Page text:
The new world order -- born in the aftermath of the collapse of the Soviet Union as a superpower -- was to be accompanied by an unprecedented wave of freedom and democracy across the planet.
So what happened?
The Boston Globe's Joshua Kurlantzick today uses Thailand as an example of a receding wave. The streets of Thailand have been crammed with protesters wearing the color of the former monarchy, demanding an end to the reign of the democratically elected prime minister. Last week, they got their wish.
The events unfolding in Thailand are part of a gathering global revolt against democracy. In 2007, the number of countries with declining freedoms exceeded those with advancing freedoms by nearly four to one, according to a recent report by Freedom House, an organization that monitors global democracy trends.
How could this be? Blame the middle class, Kurlantzick says.
As a country develops a true middle class, these urban, educated citizens insist on more rights in order to protect their economic and social interests. Eventually, as the size of the middle class grows, those demands become so overwhelming that democracy is inevitable. But now, it appears, the middle class in some nations has turned into an antidemocratic force. Young democracy, with weak institutions, often brings to power, at first, elected leaders who actually don't care that much about upholding democracy. As these demagogues tear down the very reforms the middle classes built, those same middle classes turn against the leaders, and then against the system itself, bringing democracy to collapse.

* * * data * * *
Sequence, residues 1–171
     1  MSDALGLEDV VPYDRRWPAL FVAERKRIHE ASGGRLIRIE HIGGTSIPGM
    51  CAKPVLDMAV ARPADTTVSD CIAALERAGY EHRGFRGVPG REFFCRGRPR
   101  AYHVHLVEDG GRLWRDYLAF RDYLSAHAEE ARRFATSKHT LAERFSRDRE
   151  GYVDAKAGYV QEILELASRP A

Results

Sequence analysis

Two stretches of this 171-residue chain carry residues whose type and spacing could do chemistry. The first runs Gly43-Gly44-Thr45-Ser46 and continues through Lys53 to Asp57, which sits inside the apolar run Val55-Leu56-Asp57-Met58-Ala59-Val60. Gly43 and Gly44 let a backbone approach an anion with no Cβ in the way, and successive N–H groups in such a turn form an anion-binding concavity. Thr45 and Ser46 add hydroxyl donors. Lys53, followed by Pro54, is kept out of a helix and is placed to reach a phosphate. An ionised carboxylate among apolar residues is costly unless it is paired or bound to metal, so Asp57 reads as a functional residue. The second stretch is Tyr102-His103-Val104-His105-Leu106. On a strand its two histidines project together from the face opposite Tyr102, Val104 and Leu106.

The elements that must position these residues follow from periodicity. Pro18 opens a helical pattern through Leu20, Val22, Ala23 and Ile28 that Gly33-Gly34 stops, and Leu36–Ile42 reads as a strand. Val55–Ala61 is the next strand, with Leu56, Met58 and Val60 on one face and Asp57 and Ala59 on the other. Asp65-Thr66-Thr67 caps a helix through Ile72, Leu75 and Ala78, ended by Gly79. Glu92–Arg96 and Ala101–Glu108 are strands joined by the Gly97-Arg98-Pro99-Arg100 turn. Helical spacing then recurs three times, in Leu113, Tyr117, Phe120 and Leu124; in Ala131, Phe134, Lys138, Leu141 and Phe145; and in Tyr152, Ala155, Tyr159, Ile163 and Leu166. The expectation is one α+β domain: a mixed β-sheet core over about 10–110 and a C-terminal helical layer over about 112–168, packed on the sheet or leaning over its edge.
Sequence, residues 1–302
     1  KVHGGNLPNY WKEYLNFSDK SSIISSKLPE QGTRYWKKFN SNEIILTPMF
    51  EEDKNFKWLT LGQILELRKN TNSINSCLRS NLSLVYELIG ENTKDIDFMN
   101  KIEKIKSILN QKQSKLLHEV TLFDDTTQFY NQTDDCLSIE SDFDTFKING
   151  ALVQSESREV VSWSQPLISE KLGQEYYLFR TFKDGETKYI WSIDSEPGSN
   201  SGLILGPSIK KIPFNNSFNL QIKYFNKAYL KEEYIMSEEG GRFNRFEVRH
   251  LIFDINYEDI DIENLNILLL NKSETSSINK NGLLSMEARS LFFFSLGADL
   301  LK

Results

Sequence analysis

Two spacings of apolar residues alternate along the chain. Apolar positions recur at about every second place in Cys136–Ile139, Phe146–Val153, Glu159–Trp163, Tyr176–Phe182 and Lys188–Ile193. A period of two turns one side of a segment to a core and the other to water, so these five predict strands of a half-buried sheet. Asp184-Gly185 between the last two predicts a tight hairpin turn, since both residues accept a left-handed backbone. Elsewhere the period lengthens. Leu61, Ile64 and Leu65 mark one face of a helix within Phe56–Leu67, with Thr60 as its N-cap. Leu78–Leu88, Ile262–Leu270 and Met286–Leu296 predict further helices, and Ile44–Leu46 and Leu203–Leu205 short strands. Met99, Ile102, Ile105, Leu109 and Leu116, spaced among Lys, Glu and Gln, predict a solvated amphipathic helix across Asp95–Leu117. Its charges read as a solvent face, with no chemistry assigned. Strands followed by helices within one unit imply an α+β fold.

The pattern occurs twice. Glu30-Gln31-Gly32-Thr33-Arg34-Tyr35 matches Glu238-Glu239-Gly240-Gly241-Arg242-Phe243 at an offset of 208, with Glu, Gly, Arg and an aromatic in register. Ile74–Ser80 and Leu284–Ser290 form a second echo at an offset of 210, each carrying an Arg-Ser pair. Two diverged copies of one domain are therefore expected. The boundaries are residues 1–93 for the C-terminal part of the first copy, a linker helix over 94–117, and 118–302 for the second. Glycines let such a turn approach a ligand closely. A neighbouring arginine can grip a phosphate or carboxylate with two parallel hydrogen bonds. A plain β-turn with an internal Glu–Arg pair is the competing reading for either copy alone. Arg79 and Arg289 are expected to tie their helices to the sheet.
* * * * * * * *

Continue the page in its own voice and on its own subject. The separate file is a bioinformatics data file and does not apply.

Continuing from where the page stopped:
"Elected dictators" are not just a problem in Thailand, but Venezuela, Bolivia, Argentina, Indonesia, and -- the big one -- Russia, the poster child for tension between pro- and anti-democracy forces.
Which leads us to the obvious question: How does the U.S. respond to this?
Asked last week if the U.S. should go to war with Russia if it invades Georgia, vice presidential candidate Sarah Palin said, "Perhaps so. I mean, that is the agreement when you are a NATO ally, is if another country is attacked, you're going to be expected to be called upon and help."
How serious is the wane of democracy? Serious enough that even some of the most conservative Republicans are willing to ignore it... and the consequences of battling it. "If the Russians are ready to go to war on its borders -- and they are -- and the United States is not prepared to wage war on their borders -- and we're not -- we ought to just stay out of it," commentator Ben Stein said this morning on the CBS program, Sunday Morning.
With fewer than 50 days until the presidential election, how to respond to the end of the democratic wave might be worth talking about.(3 Comments)